For many of us in the United Kingdom and, indeed, around different parts of the world, we will have felt at least some of the impact of the current cost of living crisis that is so often in news headlines at the moment.
The cost of living crisis in the United Kingdom has been a pressing issue which is affecting individuals, families and the economy in general.
We have all noticed the soaring costs of essential goods and services. The steep rise in our energy bills, in fuel prices and the food shopping bills. And all of this has placed a significant burden on UK households.
Obviously, some people and families have been affected more starkly than others with some families having to resort to using foodbanks to feed themselves. Many people who are working in full time positions are still struggling to cover even their basic living costs.
It shouldn’t come as a surprise then that the impact of the cost of living crisis is also being felt in the workplace. The workplace is not simply a place where people leave all their financial issues and stresses at the door before happily continuing with their job.
In this article, we will delve into the effects of this crisis on the UK workplace, exploring its impact on employees, employers, and overall work dynamics.
The impact of financial stress on employee productivity
One of the primary impacts of the cost of living crisis on the UK workplace is the increased financial stress experienced by employees.
As the cost of living rises, employees often find it challenging to make ends meet and this clearly leads to heightened stress and anxiety that is then brought into the workplace.
Stress and financial stress can adversely affect an employee’s productivity, focus on tasks and overall well being. This then impacts the company as there is decreased efficiency and motivation in the workplace.
During these difficult times, it is important for employers to be aware of the struggles that many of their employees might be going through and make them aware that you are not blind to it. Have an open door policy where employees can speak to you about problems they might be facing.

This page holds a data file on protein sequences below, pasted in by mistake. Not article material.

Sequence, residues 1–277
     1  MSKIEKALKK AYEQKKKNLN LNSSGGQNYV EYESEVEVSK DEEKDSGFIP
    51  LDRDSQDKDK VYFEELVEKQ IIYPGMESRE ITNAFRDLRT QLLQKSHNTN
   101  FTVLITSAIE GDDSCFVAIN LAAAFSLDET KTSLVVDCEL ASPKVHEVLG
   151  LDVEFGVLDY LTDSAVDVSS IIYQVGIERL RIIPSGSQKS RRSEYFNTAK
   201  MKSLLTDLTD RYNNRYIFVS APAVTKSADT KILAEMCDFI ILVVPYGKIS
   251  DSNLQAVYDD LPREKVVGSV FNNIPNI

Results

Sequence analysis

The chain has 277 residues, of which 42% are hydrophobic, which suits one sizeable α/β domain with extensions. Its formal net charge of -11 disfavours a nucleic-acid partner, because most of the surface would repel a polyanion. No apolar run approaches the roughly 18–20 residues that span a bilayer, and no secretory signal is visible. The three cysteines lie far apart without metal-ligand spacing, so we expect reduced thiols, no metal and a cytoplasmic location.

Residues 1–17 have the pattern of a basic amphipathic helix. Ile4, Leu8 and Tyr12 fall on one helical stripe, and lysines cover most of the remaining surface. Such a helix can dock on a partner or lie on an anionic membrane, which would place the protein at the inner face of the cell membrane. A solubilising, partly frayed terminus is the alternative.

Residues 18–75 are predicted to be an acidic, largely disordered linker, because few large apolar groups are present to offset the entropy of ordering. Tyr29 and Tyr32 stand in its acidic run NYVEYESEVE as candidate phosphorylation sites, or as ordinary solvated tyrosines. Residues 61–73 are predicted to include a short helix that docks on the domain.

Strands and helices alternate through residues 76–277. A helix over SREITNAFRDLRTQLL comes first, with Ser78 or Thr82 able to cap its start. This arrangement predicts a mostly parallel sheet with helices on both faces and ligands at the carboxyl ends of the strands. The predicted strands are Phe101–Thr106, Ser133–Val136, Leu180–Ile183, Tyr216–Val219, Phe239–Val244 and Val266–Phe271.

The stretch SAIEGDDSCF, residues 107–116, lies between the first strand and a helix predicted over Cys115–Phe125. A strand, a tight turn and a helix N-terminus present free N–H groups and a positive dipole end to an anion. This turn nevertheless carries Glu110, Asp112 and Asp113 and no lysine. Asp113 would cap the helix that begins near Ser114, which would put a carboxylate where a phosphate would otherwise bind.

The constant worry about meeting basic needs and managing expenses can create a significant distraction and hinder their ability to perform optimally at work.
We have written in the past about the benefits of mindfulness in the workplace and creating a culture where employees can feel that their well being is taken seriously. This can have a more positşive impact on the workplace during periods like this cost of living crisis.
Cost of Living Crisis impact on salary stagnation & inflation
It is said that the cost of living crisis has contributed to salary stagnation and even where salary increases have occurred, employees in some sectors are finding that these increases are not enough to fill the gap to meet their daily living costs.
Inflation can erode the purchasing power of your employees, making it harder for them to maintain their standard of living without a corresponding increase in wages.
For some, this can mean sacrificing an annual holiday or making some changes to the monthly food shopping list. But for others, it can lead to them having to make choices about which bills to pay and not being able to afford any extras for leisure activities.
Employers may face challenges in balancing the rising cost of living with competitive salaries for their employees.
However, failure to address this issue can lead to dissatisfaction amongst your team of staff and this can affect your staff retention and future recruitment efforts.
We have written in the past about the issue of whether or not employers are paying their staff enough. A living wage is essential for staff to cover their basic needs.
If, as an employer, you are doing your absolute best to pay your team the most competitive salary you can, having that culture and open door policy where staff feel they can come and talk to you about any financial needs they are facing will make them feel listened to and understood.
Shifts in employment preferences
The impact of the pandemic and the cost of living crisis together have served to influence the preferences and priorities of job seekers.
Young people are now placing more emphasis on compensation packages, benefits, and work-life balance when evaluating job opportunities. In a high-cost environment, potential employees are likely to prioritise positions that offer better financial stability and support to mitigate the effects of the cost of living.